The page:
Project Management Charter

Creating a project charter will help a company understand how to successfully integrate a PMO. This tool includes such essential information as the PMO’s mission, objectives, critical success factors, metrics, staffing, sponsors, and relevant stakeholders. Strategy, budget, project constraints, project dimensions, and timeline are also important. Project constraints and dimensions have undergone an evolution and thus bear mentioning. While key constraints initially involved only time, cost, and scope, project planning has revealed that additional issues such as quality, risks, and resources could also limit final success.

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All of the mentioned project phases are presented in Table 2:

Table 2. Example of Project Phases.

PMO Mission The PMO established within [organization name] will provide a solid foundation for the selection, approval, and management of relevant projects by creating an environment of discipline- and goal-driven work.
PMO Objectives
  • Create a PMO environment focused on successful execution;
  • Deliver projects within the budget and timeframe;
  • Establish effective PMO practices that align with [organization’s name]’s vision and business strategy;
  • Involve [organization’s name]’s key management in decision-making.
Critical Success Factors
  • Introduce PMO functions and responsibilities gradually to ensure their adherence;
  • Implement a program or rewards to keep project managers motivated and engaged;
  • Ensure the alignment of the CEO’s vision with PMO’s goals and objectives.
PMO Metrics
  • The ratio of the project’s positive versus negative outcomes;
  • Positive versus negative changes in workers’ attitudes toward project implementation;
  • The ratio of improvements associated with the previous identification of PM flaws;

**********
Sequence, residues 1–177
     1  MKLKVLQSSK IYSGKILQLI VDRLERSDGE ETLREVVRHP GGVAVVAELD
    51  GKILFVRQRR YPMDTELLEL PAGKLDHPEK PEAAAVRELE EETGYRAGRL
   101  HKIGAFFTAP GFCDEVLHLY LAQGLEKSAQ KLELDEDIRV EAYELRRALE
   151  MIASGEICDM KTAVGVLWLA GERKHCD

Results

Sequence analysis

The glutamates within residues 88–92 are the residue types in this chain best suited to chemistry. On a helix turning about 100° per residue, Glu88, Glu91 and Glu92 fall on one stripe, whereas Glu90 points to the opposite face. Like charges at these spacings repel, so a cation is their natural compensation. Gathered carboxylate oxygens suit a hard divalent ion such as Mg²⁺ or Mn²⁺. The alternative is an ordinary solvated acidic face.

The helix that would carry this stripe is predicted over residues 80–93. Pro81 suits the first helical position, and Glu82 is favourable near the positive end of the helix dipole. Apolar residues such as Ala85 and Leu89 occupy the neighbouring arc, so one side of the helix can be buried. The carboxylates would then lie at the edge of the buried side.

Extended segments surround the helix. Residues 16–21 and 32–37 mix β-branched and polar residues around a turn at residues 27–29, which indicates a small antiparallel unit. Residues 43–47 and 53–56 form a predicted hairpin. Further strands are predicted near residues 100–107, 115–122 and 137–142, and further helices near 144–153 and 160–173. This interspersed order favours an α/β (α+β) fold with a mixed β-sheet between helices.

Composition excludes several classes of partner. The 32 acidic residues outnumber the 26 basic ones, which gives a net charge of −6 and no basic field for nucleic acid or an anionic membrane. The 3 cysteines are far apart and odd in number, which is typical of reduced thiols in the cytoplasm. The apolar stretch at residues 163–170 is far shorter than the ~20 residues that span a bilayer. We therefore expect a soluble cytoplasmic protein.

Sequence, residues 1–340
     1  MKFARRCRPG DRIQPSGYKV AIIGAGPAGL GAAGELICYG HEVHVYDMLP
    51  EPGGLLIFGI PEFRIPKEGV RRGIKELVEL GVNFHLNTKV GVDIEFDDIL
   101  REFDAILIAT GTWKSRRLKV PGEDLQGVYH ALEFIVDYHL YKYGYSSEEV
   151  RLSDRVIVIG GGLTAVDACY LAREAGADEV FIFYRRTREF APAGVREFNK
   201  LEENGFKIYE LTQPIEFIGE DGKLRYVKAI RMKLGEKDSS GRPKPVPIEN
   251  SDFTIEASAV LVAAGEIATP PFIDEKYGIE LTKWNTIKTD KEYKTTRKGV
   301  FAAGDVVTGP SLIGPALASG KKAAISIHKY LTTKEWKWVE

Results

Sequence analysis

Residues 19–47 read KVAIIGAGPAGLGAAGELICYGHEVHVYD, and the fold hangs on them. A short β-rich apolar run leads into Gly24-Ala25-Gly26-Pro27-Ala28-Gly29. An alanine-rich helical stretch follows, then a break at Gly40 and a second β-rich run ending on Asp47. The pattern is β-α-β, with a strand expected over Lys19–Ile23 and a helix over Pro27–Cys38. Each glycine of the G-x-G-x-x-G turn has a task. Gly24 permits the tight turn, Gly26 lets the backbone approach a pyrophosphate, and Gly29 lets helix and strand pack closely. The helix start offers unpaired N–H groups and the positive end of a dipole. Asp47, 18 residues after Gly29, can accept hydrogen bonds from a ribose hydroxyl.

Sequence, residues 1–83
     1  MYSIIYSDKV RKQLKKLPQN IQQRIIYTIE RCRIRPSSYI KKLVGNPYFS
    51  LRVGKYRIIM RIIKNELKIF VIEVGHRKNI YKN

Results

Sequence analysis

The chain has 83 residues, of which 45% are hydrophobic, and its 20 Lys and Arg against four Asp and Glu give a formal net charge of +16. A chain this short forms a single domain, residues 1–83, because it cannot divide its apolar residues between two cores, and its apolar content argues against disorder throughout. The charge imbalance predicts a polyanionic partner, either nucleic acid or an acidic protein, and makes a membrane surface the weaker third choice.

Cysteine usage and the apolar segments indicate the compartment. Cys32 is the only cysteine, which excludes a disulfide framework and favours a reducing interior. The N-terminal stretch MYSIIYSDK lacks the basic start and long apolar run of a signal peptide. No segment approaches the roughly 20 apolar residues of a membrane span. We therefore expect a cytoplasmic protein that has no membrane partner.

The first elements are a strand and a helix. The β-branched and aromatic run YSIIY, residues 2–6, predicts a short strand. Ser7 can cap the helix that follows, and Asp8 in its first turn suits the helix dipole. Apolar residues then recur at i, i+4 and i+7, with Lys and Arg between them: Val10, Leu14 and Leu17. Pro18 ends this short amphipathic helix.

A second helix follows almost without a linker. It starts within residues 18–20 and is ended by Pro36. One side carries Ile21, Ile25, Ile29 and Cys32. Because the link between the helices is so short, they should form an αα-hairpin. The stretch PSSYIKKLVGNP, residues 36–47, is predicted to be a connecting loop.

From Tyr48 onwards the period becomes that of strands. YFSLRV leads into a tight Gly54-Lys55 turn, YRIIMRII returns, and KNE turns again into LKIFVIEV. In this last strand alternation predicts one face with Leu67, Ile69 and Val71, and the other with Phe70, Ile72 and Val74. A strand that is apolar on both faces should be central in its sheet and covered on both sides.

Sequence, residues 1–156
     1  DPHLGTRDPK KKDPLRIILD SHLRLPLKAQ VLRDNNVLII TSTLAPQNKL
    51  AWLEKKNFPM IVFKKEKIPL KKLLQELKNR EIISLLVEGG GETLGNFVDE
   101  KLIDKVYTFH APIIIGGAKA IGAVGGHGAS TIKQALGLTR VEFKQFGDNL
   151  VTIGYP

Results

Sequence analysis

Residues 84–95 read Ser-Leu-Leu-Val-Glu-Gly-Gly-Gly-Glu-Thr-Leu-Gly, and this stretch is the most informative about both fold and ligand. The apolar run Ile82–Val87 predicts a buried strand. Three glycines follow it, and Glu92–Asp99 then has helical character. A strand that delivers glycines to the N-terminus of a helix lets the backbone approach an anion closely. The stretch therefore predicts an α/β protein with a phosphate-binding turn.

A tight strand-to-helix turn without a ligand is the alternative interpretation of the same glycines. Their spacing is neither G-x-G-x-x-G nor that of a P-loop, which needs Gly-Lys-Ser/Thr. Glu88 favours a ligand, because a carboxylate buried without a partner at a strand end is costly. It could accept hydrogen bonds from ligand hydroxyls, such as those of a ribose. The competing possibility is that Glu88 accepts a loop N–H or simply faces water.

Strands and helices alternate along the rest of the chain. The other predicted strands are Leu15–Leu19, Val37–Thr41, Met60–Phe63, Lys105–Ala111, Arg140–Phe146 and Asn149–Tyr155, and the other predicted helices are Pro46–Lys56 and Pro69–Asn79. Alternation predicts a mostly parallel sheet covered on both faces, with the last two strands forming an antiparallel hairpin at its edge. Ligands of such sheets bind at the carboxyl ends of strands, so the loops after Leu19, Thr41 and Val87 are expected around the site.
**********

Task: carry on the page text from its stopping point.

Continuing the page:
• The ratio of met business objectives versus unmet objectives.
PMO Staffing Project management director, 2 project managers, 1 project coordinator, 2 support staff.
PMO Sponsor The project for establishing a PMO at [organization’s name] is sponsored by [sponsor’s name] and was approved by the company’s CEO and senior management.
PMO Stakeholders [Organization’s name] executive team, sponsors, HR manager, project management director, project managers.
PMO Strategy To establish a PMO at [organization’s name], the initial step involves approving the current charter with the CEO and senior management. PMO requirements, cost estimates, plan, and implementation strategies should all be reviewed by the above stakeholders. Any changes and refinement efforts should be implemented before project implementation. Lastly, an ongoing review process and the measurement of the above metrics will be performed.
PMO Budget During the first operational year, the budget for the project will depend on its implementation. Up to $100,000 can be spent on hiring, office renovation, purchasing of computers, training, and salaries.
Project Constraints Risks (what can go wrong?), quality (will expectations meet reality?), time (by when will result be visible?), cost (is the available amount enough?), resources (what is needed for the project to succeed?), scope (what exact outcome is expected?).
Project Dimensions Team (how does it approach PMO integration?), management (is management involved?), scope (what is the influence of the project on [organization’s name]?), customers (are customers engaged and satisfied?), quality (do reviews show a positive outlook?), finance (is every detail is included in the budget?), schedule (does the project fit the timeline?).
Project Timeline One year to implement the PMO project.
Month 1: Defining project mission, goals, and success factors.
Month 2: Coming up with project metrics, finding sponsors, hiring new staff.
Months 3–4: Employee training.
Month 5: Creating a PMO.
Months 6–8: Assigning projects, identifying responsibilities, conducting preliminary measurements.
Months 9–11: Implementing project management.